Today marks the launch of Stand Up, Step Forward. Watch it. It could save a child’s life.
In 2012, almost 50 percent of contacts with Maine’s sexual assault support programs were from or about someone who experienced sexual violence under the age of 18. Because child sexual abuse is so under-reported, we cannot determine the full extent of its impacts. However, we know that child sexual abuse has lasting impacts on survivors and their families and significantly affects our communities.
We also know that approximately 85 percent of minors who are sexually abused never tell, or delay telling, about the abuse.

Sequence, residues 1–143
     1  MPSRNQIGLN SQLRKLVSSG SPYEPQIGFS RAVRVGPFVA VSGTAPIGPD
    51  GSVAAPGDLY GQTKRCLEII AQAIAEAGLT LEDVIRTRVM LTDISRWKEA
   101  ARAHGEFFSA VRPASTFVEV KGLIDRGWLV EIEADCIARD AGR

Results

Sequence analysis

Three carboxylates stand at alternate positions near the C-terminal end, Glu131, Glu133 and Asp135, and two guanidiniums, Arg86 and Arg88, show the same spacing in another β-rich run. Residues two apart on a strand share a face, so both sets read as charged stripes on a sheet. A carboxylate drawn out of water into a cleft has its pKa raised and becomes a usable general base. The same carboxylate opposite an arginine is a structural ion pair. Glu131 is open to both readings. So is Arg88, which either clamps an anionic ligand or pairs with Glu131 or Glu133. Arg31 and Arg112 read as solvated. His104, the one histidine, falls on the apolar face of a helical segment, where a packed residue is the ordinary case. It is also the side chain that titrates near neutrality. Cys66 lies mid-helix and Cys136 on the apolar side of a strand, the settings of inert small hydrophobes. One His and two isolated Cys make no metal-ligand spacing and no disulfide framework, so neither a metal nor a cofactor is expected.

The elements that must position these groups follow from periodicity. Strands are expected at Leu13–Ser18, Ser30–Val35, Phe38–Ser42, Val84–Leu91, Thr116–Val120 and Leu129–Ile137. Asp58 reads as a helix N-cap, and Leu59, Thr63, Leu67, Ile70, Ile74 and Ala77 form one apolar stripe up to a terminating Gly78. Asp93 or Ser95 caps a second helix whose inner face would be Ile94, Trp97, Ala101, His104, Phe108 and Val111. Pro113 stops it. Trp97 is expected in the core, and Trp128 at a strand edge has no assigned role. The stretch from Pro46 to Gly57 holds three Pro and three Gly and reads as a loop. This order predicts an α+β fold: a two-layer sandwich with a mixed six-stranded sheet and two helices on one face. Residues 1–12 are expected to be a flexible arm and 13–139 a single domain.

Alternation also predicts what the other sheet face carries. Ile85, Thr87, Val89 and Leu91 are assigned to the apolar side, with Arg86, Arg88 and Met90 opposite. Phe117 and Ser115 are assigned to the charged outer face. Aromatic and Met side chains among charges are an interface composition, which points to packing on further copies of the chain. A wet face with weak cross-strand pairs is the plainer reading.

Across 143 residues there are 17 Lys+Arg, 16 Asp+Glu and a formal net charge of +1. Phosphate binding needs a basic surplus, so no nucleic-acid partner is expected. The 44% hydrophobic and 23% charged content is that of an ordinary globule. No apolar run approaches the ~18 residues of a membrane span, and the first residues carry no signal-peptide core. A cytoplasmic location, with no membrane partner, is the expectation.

The importance of being an informed community member and of knowing what to do if a child tells you they have been — or are being — sexually abused cannot be understated. We need look no further than the Jerry Sandusky case and (more close to home) the Bob Carlson case (strongly suspected of being a serial child abuser), to know that child sexual abuse happens, it’s often where you least expect it, and often people suspected that something wasn’t quite right.
Maine’s Children’s Advocacy Centers (CACs) and Maine’s sexual assault support centers are available to help — even if you’re not sure or just suspect that something isn’t quite right. One of the most important things we as community members can do to help end child sexual abuse in Maine is to say something if you suspect something.
You never know. It could save a child’s life.